Millennial protesters: ‘No’ to moving on
No way, said a group of protesters, mostly millennials, who staged a program commemorating the Edsa People Power revolt in 1986 at the gates of the cemetery where the toppled dictator lies.
About 60 members of the Freedom from Debt Coalition and Block Marcos, composed mostly of youths in their 20s, trooped to the Libingan ng mga Bayani (LNMB) in Taguig about 12:30 p.m. Saturday, where they were blocked off by hundreds of anti-riot police officers.
Three months after ousted president Ferdinand Marcos was buried “like a thief in the night,” the Block Marcos group continued rallying their call “to exhume the dictator, murderer and plunderer.”
A streamer with an image of a shovel and the words “Hukayin (Exhume)!” suspended in the air with around a hundred balloons were brought at the gates of the heroes’ cemetery.
On the 31st anniversary of Edsa People Power, Block Marcos spokesperson Kat Leuch called out to the public not to forget the atrocities during two decades of the Marcos regime just because he had already been buried.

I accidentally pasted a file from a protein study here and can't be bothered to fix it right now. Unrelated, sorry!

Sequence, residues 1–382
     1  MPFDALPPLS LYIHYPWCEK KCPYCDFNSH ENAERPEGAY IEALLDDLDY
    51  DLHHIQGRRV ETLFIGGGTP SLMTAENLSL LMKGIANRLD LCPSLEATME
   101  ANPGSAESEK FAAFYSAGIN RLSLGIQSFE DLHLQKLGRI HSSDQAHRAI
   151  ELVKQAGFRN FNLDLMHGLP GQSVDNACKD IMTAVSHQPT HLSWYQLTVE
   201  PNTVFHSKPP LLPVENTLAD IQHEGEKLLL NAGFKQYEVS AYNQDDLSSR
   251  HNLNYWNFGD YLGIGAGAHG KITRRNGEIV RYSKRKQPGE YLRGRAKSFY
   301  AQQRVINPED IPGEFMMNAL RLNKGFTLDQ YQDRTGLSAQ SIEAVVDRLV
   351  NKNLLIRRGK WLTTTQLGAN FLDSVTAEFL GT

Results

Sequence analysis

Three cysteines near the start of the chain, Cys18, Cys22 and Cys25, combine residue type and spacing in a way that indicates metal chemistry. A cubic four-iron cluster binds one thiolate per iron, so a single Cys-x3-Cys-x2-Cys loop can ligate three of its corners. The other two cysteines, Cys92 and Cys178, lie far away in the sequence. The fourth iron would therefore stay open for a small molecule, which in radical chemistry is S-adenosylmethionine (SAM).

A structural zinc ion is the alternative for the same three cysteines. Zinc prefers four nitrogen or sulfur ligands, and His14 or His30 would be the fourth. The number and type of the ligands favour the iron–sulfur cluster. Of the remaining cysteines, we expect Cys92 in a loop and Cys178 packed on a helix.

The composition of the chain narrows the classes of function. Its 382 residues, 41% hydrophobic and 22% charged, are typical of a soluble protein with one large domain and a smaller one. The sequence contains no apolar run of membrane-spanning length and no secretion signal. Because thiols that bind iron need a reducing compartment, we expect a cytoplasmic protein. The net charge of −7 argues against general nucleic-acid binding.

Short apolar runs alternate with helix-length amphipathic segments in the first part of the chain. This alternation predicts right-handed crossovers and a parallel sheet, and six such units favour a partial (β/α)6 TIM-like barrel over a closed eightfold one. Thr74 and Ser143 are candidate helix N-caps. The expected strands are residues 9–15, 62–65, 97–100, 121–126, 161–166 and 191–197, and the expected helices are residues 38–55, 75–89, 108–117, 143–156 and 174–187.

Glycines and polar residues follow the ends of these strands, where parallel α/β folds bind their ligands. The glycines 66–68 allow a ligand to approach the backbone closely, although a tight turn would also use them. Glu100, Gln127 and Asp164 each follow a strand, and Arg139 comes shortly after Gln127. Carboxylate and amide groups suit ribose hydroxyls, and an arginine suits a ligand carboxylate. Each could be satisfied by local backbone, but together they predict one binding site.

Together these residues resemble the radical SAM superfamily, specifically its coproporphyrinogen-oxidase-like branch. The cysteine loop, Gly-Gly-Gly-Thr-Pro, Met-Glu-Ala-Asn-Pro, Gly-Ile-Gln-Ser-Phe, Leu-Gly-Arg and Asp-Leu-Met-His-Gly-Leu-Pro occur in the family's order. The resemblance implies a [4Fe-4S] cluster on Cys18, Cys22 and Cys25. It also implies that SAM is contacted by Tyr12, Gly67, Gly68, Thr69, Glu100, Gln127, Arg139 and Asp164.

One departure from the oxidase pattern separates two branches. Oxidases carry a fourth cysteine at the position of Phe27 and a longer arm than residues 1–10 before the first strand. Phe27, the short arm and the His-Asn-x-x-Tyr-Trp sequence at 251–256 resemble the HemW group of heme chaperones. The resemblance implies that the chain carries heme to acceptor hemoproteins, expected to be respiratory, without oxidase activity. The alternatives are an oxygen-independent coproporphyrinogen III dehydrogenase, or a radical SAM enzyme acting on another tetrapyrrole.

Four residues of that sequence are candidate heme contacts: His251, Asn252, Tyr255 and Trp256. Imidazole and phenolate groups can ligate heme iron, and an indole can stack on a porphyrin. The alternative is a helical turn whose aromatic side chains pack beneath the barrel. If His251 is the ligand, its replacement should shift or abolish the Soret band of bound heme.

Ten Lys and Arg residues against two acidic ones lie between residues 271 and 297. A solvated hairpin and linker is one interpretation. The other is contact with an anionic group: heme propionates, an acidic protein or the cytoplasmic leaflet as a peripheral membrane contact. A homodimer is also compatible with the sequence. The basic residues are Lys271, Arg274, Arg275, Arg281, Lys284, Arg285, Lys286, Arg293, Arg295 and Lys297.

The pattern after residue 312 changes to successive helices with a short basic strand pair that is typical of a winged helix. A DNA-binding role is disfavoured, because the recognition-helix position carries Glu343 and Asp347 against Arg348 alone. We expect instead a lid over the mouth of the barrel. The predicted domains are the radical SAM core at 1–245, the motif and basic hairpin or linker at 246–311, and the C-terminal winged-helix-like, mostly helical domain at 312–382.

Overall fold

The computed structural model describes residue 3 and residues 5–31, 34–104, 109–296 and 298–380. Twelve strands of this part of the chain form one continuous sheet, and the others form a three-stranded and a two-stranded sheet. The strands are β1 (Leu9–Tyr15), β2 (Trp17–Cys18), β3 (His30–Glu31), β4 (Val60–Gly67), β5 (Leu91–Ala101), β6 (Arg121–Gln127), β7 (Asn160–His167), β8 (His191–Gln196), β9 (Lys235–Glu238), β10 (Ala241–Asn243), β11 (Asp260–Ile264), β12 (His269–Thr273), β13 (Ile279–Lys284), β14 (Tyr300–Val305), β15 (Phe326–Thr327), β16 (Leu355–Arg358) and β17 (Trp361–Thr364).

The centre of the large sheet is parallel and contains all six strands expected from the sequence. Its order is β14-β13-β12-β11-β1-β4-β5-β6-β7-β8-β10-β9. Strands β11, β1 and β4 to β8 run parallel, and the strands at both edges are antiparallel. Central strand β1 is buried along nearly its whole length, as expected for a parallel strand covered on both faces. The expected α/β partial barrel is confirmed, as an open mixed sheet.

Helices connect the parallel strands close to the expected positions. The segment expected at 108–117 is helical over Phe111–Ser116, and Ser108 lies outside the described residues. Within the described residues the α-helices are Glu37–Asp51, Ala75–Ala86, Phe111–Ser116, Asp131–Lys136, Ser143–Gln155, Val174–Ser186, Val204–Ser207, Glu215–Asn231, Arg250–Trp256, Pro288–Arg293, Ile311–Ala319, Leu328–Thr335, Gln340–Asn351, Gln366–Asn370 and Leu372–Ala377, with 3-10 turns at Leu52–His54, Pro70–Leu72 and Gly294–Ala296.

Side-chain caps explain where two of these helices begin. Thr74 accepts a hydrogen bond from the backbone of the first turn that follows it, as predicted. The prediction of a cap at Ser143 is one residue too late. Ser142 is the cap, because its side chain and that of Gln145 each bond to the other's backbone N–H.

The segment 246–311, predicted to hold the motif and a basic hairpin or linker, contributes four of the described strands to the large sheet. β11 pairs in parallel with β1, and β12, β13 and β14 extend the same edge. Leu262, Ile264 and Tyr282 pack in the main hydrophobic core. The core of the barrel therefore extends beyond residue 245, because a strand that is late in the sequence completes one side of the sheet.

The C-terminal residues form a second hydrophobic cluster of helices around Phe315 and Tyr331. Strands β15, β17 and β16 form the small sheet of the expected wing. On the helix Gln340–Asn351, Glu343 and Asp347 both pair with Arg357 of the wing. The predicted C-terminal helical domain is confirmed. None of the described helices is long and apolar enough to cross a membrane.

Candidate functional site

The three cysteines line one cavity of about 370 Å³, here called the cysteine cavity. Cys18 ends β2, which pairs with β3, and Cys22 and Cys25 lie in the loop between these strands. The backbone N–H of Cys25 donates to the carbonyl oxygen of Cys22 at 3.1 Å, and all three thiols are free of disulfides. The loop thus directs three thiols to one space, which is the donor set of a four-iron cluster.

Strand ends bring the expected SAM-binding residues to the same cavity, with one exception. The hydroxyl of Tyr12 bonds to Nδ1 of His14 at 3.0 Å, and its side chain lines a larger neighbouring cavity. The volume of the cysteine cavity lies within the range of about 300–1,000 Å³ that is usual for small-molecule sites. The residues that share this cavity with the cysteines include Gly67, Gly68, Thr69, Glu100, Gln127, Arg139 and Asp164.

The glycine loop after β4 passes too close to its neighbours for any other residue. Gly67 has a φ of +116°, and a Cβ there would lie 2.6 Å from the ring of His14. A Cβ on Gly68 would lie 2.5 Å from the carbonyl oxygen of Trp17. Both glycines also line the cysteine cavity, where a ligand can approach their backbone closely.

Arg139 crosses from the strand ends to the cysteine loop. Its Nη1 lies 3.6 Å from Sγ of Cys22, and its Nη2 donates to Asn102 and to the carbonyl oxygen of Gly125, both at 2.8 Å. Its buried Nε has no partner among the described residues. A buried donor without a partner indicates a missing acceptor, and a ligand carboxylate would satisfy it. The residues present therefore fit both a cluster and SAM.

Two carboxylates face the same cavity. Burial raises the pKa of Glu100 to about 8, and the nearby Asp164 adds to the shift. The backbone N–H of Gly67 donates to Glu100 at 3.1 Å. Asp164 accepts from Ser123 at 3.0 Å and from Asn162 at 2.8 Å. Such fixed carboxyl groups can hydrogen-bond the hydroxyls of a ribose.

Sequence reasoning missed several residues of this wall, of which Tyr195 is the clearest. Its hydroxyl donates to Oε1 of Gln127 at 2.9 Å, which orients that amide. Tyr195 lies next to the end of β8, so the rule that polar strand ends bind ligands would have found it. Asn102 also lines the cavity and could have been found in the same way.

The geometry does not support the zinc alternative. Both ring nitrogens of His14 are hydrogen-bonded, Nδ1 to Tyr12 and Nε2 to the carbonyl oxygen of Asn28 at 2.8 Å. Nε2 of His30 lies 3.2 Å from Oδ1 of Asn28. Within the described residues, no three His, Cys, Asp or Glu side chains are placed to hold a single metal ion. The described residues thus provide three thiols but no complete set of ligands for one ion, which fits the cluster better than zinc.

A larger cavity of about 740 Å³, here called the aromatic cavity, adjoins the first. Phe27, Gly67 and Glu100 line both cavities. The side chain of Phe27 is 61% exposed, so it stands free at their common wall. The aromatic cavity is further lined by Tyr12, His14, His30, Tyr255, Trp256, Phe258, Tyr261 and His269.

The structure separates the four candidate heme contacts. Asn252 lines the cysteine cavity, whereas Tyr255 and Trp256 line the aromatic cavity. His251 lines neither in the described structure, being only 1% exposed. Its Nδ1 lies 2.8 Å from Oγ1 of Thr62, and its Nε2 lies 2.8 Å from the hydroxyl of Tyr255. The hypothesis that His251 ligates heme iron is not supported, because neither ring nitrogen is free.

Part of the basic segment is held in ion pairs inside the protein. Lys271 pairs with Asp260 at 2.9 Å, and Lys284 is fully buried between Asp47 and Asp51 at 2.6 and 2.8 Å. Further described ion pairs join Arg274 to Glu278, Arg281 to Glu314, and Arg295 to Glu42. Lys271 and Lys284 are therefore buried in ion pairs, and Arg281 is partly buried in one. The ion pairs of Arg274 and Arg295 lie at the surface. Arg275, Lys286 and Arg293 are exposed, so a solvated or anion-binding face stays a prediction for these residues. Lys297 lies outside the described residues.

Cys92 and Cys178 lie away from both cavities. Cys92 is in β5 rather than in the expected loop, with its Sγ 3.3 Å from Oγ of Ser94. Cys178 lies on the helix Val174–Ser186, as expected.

“We should not move on from history. It should always be remembered and studied, so people may learn from it,” Leuch, a law student at the University of the Philippines Diliman, said.
“Today we will celebrate the ouster of the dictator,” she said. “But we must also continue and escalate the struggle against the threat of a new dictatorship.”
Leuch was referring to President Rodrigo Duterte’s actions, which she said “are everything the Edsa People Power fought against.”
“Duterte’s order to have Marcos buried at the LNMB is part of the government’s systematic attempt at historical revisionism — an effort to condition people into thinking that there’s nothing bad with dictatorship and hence to create the ground for the popular acceptance of authoritarianism,” she said.
The group also assailed the arrest of Sen. Leila de Lima, a staunch critic of the President, on Friday on drug-related charges over her role in the illegal drug trade at the New Bilibid Prison when the senator was the justice secretary.
“These arrests will have a chilling effect on civil society,” Leuch said. “They are clearly intended to send the message: speak out and the whole repressive apparatus of the state (the police and the military) will be used against you.”
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